Basketball.jpgEmployment discrimination claims and making bracket selections for March Madness a/k/a the men’s Division 1 NCAA basketball tournament often share two decision-making approaches: Guessing and analysis.

For example, Survival of the Fittest: A New Model for NCAA Tournament Prediction discusses analyzing the tournament using a model based on network characteristics to “quantify traits that specifically apply to the tournament and the other teams in it, which form a network as they play each other over the course of the season.” Sounds like a lot more work than simply going by who has the better mascot. 

But in contrast, Sheldon H. Jacobson, a professor of computer science at Illinois, notes that picking the higher-seeded team to beat a lower-seeded opponent usually works only in the first three rounds of the tournament, but after you get to the Elite Eight, seeding is irrelevant and “you might as well pick names out of a hat.”

Guessing, Analysis, or a Little of both in Employment Discrimination Lawsuits

In representing individuals and employers in employment discrimination lawsuits, making settlement and litigation decisions often comes down to a mixture of guesswork and analysis. But proper analysis is the beginning point for taking the guess-work out of litigation.

The starting point for this process is reducing the claims to a range of potential outcomes. In this regard, a critical first step in this process is analyzing jury verdict results. Consider for example three randomly selected 2011 employment lawsuits and their results:  

  • Defense Verdict – Plaintiff awarded $0.00: In a gender discrimination and a hostile work environment involving a 40 year old female Plaintiff who was working in retail sued for lost wages, benefits, and damages for emotional distress. She asked the jury for in excess of $100,000. The Defendant employer contended that Plaintiff’s complaints were promptly investigated when she complained to the appropriate supervisor, an immediate investigation was performed and disciplinary actions were taken. Defendants denied that plaintiff was terminated in retaliation for her complaint and contended that she was terminated for economic reasons.
  • Settlement of $130,000: A legally-blind 44 year old female employee claimed she was fired because of her handicap. The defendant employer denied the allegation and maintained that the plaintiff’s firing was for nondiscriminatory reasons. 
  • Plaintiff verdict in the amount of 535,120.00: In a discrimination lawsuit, a white, 32 year old male teacher was terminated for making a racially-insensitive remark. The plaintiff argued that he was singled out for discipline when similar comments made by black employees were overlooked.

For an actual claim, the sample of jury verdicts will be larger and usually limited to identical or similar claims. Depending upon the available sample size, this analysis may also be reduced by Michigan counties or geographic areas.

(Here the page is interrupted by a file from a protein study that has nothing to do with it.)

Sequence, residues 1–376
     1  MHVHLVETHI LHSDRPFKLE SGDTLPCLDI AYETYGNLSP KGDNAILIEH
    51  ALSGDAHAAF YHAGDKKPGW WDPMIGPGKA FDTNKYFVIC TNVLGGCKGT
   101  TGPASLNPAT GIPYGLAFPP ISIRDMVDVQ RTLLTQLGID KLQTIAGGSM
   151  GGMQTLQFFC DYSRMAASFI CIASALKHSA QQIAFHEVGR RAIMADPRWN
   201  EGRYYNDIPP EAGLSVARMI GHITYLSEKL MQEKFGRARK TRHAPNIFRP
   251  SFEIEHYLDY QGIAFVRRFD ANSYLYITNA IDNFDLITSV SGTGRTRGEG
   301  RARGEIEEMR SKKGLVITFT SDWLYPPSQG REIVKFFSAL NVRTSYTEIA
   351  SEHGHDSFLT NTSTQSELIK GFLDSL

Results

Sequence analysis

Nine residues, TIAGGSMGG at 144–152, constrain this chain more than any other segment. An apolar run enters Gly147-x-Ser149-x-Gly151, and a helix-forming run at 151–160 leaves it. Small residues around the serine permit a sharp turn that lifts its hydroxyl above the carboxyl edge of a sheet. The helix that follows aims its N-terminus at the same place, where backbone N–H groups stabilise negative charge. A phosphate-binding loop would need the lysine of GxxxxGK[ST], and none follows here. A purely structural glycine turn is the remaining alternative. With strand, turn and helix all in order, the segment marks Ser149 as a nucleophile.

In this very limited sampling, the average amount for resolving these claims was $221,706.00 (exclusive of costs and attorney fees). I would also want to put as much context behind the numbers used to reach this value. 

For example, a further investigation of the circumstances of the largest plaintiff’s verdict may (hopefully) explain why that verdict result should not be relevant in analyzing a particular discrimination claim. Perhaps, there was direct evidence of discrimination, spoliation of evidence, or particularly egregious conduct on the part of the defendant employer. From here, a useful “value” of what a claim is worth can be fleshed out.

There is also a significant amount of additional analysis that goes into assessing claims or defenses. One example, I’ve begin to incorporate a decision tree analysis, also known as risk analysis, to further refine my evaluation of a particular claim or defense. I’ve found that decision tree analysis is useful for providing structure within which to assess litigation or settlement strategy, lay out options, and investigate possible outcomes from choosing those options. It also provides a solid foundation for offering reasons for the likely outcome on an issue. 

It is important to remember that even within this structure some “educated guessing” comes into play in terms of exercising experience and judgment. Both are needed to assess issues such as rulings on key evidence issues, anticipating how a jury will respond to various issues, credibility of witnesses, and the likelihood of disposing of a claim through a dispositive motion.   


Preferably a thorough case analysis done as early in the litigation process as possible will avoid the all too familiar disappointing feeling of looking over a decimated March Madness bracket (thanks MSU … and Duke … and Missouri).

But unlike the disappointment of losing your office pool, failing to engage in a meaningful analysis at the beginning of a claim or defense could mean the disappointment of pursuing a costly litigation strategy that is unlikely to overcome significant factual or legal challenges.

With this realization, however, the focus can be shifted to developing a settlement strategy that may more cost-effectively resolve the claim. Only by following an analytical framework along with mixing in an attorney’s own professional judgment about an employment discrimination lawsuit can a clearer understanding about key issues and exposure be obtained. And maybe a little bit of luck.